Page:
Monthly Archives: June 2014

Cards and Fame

Evaluating player popularity with a small sample of card prices

Over at For The Win this afternoon, Ted Berg speculated about the most famous baseball players and players who should be more famous than they are. Here’s the list:

Most Famous Should be More Famous
F1 Derek Jeter M1 Mike Trout
F2 Alex Rodriguez M2 Miguel Cabrera
F3 David Ortiz M3 Yasiel Puig
F4 Albert Pujols M4 Andrew McCutchen
F5 Bryce Harper M5 Clayton Kershaw

Unsurprisingly, no Mets made the list and Derek Jeter topped the list of fame. Jeter, who currently leads AL shortstops in this year’s All-Star voting despite clearly looking like he is ready to retire, is so popular that nobody would be all that surprised if he is elected to start the All-Star game in 2015, when he will no longer be playing baseball. This popularity translates well into card sales, which is fine for me because I can sell off any good Jeters I pull and buy the equivalent Wright, Harvey, etc. for a fraction of the price.

Card prices were not among the fame criteria considered in the FTW piece. Shocking, I know. Translating between prices and popularity isn’t a trivial matter. In addition to player popularity, card prices factor in product popularity and scarcity and are affected by proximity to Rookie year. Comparing even between cards from the same year numbered to the same amount is a virtual impossibility. To extract popularity, we first need to narrow our focus to a single card set (or multiple sets, but that gets a bit more complicated than I am willing to get into for this exercise).

The characteristics we need for the ideal popularity comparison set are rather contradictory. We need something with enough scarcity to get prices well above the noise but not too much scarcity to give us too small a sample size to work with. We also need a set that includes all of the likely candidates, particularly the ten players listed in the FTW article. Release date also needs to be a consideration; too recent or too far back limits the available sample and could put us outside the supply/demand saturation zone that will see the most stable prices. All of this adds up to a parallel insert set numbered between 50 and 99 released about three months ago. One set meets these criteria: 2014 Topps Heritage Black Refractors (numbered to 65).

Historically, Topps Heritage parallels sell significantly higher than equivalent cards from other products. David Wright black refractors like the ones shown above (numbered to 64 and 65) typically sell for about $25, about double what similar cards from other products sell for. This is good for our purposes because it will spread out prices to make the top players clearer. The 2014 set consists of 100 cards covering 9 of the 10 players mentioned by Berg (Alex Rodriguez hasn’t been seen a whole lot lately) and loads of other stars. Rookie Cards feature two players and will be ignored due to the premium typically associated with RCs. Cards from 2013 Rookies may see a bit of a boost to their prices that overstate their popularity. Beyond that, this should give us a fair assessment of hobby popularity, or at least the best we can get from a single 100-card set.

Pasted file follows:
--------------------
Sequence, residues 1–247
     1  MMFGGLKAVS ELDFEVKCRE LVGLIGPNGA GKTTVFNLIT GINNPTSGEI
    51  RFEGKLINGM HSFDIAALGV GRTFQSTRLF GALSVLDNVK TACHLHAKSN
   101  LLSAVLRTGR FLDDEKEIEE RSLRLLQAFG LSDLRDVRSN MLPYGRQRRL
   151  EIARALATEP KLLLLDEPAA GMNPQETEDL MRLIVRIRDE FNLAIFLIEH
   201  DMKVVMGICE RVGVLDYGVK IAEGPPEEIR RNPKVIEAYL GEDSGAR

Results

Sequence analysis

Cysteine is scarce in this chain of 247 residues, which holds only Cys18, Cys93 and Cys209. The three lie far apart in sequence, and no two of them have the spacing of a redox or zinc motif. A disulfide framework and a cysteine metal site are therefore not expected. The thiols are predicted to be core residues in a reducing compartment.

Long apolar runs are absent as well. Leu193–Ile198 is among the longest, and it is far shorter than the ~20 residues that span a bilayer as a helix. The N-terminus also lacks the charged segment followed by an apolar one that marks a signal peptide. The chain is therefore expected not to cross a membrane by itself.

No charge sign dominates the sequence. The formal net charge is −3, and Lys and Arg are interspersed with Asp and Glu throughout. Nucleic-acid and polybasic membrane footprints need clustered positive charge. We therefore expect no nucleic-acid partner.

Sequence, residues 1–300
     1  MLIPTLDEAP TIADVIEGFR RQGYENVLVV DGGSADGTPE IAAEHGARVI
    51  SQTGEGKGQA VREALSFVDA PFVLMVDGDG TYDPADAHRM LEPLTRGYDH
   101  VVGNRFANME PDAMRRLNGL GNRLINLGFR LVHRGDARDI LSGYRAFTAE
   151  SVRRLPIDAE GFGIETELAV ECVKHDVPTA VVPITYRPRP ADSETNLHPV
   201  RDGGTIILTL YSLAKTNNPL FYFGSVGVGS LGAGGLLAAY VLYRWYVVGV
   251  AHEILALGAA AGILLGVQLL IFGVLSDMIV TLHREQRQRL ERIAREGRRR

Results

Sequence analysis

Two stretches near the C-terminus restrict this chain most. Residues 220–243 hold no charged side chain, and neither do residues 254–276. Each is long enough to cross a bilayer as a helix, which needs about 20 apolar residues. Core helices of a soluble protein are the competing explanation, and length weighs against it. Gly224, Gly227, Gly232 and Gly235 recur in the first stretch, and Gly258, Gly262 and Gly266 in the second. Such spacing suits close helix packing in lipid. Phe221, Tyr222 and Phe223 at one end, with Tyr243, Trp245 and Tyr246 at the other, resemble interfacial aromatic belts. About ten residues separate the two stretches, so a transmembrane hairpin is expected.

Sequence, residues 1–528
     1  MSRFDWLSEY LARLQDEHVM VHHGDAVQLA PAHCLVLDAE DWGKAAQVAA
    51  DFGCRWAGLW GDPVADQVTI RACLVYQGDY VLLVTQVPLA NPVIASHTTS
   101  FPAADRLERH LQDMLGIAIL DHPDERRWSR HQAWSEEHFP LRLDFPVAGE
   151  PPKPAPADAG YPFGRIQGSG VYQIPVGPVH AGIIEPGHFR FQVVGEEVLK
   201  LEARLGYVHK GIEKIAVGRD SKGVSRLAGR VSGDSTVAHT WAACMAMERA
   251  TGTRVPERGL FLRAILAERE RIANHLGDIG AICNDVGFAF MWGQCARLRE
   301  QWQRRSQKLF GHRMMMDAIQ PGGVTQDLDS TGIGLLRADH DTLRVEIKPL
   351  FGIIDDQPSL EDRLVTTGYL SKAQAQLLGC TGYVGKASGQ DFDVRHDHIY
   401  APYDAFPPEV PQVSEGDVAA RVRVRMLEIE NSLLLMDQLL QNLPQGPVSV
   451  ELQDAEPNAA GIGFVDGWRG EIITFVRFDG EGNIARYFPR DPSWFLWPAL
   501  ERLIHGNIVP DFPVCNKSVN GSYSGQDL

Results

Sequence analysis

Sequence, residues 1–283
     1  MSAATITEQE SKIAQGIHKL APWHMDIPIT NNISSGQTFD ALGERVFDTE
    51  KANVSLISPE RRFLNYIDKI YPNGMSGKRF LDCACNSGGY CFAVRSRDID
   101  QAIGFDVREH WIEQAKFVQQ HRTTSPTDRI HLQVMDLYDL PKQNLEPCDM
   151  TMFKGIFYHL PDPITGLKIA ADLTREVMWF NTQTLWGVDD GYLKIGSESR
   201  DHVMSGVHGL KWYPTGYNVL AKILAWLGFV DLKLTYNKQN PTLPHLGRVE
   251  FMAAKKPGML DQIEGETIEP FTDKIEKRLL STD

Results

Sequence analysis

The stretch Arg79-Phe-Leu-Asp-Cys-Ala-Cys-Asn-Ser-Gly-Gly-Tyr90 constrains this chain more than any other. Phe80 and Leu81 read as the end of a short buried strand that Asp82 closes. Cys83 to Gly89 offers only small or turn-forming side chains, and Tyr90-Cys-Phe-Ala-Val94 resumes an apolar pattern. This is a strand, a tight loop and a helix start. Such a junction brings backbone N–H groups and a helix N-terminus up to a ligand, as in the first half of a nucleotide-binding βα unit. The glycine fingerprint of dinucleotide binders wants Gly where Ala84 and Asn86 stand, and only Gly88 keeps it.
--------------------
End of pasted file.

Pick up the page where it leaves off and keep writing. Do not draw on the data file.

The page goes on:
In the last 90 days, 20 different 2014 Topps Heritage black refractors (not counting RCs) sold on eBay for more than $40 at least once (total sample sizes varied from 6 to 16 copies sold). Several were sold via Best Offer, which does not display the actual sale price but does sort appropriately, allowing for an approximation of the sale price. One clear outlier (a $7 Clayton Kershaw purchased via Buy it Now) was omitted. Shipping prices were not considered and are assumed to be low enough to not significantly alter the results. Average sale prices shook out like this:

TB CP Player RCY 2014TH-RK
M1 1 Mike Trout 2011 $227.83
F1 2 Derek Jeter 1992 $225.90
M3 3 Yasiel Puig 2013 $102.29
F5 4 Bryce Harper 2012 $75.15
5 Michael Wacha 2013 $48.14
M2 6 Miguel Cabrera 2000 $46.76
M4 7 Andrew McCutchen 2005 $44.75
8 Manny Machado 2013 $39.00
M5 9 Clayton Kershaw 2008 $38.92
10 Wil Myers 2013 $38.55
11 Stephen Strasburg 2010 $38.42
12 Matt Harvey 2012 $35.98
F4 13 Albert Pujols 2001 $35.62
14 Justin Verlander 2005 $35.50
15 Buster Posey 2010 $34.48
16 Jose Fernandez 2013 $34.32
17 Troy Tulowitzki 2005 $28.89
18 Carlos Beltran 1995 $24.81
19 Matt Kemp 2005 $23.95
F3 20 David Ortiz 2007 $23.52